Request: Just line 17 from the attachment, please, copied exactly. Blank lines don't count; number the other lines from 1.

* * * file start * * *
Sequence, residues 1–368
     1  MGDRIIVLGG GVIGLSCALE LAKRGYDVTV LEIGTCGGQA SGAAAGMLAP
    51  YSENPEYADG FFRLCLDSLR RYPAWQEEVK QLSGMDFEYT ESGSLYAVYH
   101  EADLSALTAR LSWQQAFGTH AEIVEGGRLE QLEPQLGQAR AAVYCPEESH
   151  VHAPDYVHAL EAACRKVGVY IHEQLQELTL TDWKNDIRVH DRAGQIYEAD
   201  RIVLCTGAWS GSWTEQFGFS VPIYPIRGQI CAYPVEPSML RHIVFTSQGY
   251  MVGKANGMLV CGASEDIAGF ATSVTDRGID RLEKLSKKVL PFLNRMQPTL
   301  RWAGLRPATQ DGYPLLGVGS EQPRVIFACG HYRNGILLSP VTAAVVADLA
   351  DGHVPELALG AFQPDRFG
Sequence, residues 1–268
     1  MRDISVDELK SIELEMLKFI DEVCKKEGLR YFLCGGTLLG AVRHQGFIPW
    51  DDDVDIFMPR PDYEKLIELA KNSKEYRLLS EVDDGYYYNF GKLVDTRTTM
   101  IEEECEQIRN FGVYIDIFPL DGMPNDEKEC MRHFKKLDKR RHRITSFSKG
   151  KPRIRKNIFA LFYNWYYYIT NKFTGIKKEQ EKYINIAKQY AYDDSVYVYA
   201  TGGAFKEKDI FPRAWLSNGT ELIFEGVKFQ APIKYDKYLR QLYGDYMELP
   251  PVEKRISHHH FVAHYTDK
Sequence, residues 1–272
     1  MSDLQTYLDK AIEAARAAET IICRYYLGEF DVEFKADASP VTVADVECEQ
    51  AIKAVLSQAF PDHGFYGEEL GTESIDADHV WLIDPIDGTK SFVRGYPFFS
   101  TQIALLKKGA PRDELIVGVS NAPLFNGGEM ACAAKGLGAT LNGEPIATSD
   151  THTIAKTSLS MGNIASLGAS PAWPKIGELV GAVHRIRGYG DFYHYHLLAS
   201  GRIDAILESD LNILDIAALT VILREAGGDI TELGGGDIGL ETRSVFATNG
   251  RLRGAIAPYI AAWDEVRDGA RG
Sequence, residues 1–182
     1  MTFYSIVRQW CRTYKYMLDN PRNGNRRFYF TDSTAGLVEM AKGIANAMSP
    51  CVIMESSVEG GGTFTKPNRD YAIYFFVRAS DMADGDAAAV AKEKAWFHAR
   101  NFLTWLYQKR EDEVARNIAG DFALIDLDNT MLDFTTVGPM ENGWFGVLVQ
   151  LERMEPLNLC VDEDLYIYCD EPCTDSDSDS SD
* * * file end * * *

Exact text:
Sequence, residues 1–272